• Should your blog be one person’s writing or can you pull together a team of contributors (while maintaining a consistent voice)?
  • How do you incorporate stories, photos, and video?
  • And how do you promote your blog through email, social media, and the other channels you have available?

To sign up for the webinar, go to 

5 Lessons Moses Can Teach Us about Fundraising, by Michael Rosen

In honor of the Passover season, I’d like to share 5 Lessons Moses Can Teach Us about Fundraising | Michael Rosen Says…

I’d also like to wish Michael a chag sameach (happy holiday) and a refuah shleimah (complete healing of body and soul).  And my wish for the rest of you is: read Michael’s article.  It’s a good one!


Sharing the Season’s Greetings with Your Community

seder plate

Sending holiday greetings to your customers and community is a great way to let them know you’re thinking of them. But not everyone celebrates the same holidays.

Tonight, Monday evening, April 14, Jews begin celebrating Passover. Theravada Buddhists mark the New Year on April 15. Hindus observe Hanuman Jayanti the same day. Christians celebrate Holy Week from April 13 (Palm Sunday) leading up to April 20 (Easter Sunday). And Pagans look forward to Beltane on May 1.

How do you greet them all?

Ideally, you keep a record of which holiday each person on your list celebrates. Then, you send personalized email to each one. (If you’re not sure how to do that, I can help. Write me and let me know.)

If you haven’t kept those records, now would be a good time to start! In the meantime, feel free to cut and paste the second paragraph of this message into your email and social media. Add, “To all our friends who celebrate these holidays, we send our warmest greetings.”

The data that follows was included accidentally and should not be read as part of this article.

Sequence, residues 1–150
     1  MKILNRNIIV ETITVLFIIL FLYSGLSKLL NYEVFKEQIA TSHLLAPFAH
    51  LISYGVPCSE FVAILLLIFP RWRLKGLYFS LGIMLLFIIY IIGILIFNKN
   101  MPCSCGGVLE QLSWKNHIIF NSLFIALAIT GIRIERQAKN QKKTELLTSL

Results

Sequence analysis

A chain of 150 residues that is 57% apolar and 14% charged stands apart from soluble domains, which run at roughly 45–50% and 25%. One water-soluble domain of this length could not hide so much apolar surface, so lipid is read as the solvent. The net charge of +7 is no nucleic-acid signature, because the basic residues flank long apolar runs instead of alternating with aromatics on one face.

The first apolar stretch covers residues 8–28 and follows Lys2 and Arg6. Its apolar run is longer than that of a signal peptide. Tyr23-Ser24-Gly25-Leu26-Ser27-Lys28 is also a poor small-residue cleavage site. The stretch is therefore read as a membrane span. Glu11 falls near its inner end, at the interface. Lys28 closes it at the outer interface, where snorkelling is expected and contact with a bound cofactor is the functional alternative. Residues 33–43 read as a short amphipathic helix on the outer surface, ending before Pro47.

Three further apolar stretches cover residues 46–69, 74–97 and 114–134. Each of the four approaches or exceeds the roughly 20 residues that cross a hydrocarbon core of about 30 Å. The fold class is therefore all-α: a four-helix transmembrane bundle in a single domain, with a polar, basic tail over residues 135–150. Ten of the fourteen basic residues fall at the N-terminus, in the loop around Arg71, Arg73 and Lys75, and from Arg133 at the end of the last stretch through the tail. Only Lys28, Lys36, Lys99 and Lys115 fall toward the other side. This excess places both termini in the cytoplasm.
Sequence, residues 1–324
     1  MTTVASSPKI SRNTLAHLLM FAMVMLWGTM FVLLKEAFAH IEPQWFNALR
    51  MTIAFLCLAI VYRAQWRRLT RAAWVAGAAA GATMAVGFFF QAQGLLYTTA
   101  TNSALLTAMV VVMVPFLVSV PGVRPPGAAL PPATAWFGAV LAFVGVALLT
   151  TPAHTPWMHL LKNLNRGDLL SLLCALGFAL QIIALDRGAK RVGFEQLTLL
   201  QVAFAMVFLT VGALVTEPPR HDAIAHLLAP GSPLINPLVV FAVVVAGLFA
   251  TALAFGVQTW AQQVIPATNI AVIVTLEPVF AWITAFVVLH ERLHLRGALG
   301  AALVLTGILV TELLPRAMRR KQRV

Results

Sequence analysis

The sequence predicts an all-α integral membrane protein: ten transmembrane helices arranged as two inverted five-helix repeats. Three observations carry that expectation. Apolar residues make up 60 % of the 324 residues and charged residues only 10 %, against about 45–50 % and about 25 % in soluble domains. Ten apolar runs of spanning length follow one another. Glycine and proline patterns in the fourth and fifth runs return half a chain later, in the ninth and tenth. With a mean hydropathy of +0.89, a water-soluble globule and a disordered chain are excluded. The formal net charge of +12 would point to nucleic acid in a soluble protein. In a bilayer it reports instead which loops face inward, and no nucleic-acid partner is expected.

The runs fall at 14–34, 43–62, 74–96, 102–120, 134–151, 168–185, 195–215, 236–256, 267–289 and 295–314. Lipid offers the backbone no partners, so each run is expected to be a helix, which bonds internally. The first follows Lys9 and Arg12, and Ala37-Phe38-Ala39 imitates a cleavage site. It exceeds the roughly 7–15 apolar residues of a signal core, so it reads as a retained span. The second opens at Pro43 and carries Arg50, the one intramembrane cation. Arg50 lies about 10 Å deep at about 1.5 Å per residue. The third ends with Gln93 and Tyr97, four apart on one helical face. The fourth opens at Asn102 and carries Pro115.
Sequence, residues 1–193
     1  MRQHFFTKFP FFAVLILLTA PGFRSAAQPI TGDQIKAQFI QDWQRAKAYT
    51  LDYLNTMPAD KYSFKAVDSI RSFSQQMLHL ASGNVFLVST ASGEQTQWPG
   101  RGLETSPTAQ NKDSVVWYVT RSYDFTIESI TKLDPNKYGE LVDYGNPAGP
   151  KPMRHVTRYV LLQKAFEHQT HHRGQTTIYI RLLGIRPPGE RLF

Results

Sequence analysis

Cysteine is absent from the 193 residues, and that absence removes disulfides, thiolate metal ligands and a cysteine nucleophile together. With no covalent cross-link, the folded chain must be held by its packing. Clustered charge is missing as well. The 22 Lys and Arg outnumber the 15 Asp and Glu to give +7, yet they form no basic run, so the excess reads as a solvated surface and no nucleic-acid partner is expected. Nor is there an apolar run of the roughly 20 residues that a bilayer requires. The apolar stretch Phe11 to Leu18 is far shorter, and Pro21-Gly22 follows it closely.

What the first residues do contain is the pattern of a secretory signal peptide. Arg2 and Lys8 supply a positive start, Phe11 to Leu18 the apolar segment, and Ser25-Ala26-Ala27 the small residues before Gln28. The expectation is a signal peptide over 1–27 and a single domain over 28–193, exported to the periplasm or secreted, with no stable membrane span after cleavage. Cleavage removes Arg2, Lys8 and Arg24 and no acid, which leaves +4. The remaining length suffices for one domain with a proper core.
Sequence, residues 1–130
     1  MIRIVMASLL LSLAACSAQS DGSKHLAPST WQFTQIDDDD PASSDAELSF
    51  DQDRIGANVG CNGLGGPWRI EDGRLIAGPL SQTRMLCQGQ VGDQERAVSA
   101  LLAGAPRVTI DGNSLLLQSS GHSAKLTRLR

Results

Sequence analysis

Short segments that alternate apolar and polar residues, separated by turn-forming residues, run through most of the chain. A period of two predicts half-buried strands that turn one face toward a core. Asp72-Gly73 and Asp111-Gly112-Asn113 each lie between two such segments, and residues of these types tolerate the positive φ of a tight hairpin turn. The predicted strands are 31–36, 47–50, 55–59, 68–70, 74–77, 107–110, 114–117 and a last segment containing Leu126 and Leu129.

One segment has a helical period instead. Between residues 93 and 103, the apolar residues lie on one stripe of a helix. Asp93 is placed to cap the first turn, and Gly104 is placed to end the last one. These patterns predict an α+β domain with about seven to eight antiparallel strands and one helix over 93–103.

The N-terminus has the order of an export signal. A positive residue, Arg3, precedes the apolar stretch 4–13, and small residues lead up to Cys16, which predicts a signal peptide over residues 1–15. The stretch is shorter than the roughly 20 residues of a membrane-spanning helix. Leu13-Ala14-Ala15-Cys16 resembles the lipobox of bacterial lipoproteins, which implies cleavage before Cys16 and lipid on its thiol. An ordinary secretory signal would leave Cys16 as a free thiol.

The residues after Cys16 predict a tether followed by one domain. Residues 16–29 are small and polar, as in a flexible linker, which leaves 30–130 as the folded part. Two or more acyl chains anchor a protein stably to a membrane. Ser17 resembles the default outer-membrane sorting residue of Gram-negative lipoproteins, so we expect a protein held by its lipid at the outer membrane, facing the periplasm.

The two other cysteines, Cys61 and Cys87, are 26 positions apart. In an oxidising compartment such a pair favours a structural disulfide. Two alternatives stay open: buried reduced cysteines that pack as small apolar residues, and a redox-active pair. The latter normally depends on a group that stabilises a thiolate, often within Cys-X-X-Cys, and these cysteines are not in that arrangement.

Chag sameach to my fellow Jews, and a good and liberating holiday to everyone.

It’s Better to be Heard than to be Seen


Touch your right eye.  Now, your left.

You have just put your finger on the most valuable commodity online.

Eyeballs are what you have.  Eyeballs are what the social media companies are selling.  Facebook is famous for selling you to brands, and now Twitter is getting into the act.  They will stick ads anywhere they can to offer more viewers to their advertisers.

That’s how they make money.

Nonprofit organizations have a different reason for being.  If you work at a nonprofit, you are trying to accomplish a mission.  Money may be a means to the end, but it is not an end in itself.

Nonprofits shouldn’t be in the eyeball business.  We should aim less to be seen than to be heard.

We should be telling stories so well that people continue to hear them all day, inside their heads.  We should be getting our readers to talk about us with their friends.

One person who “gets it” because they read your blog, post, or tweet is worth a hundred who just saw it.



Sandy Deden

Write, laugh and be Sandy


Effectively assisting people doing good to do it even better


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Celina De Leon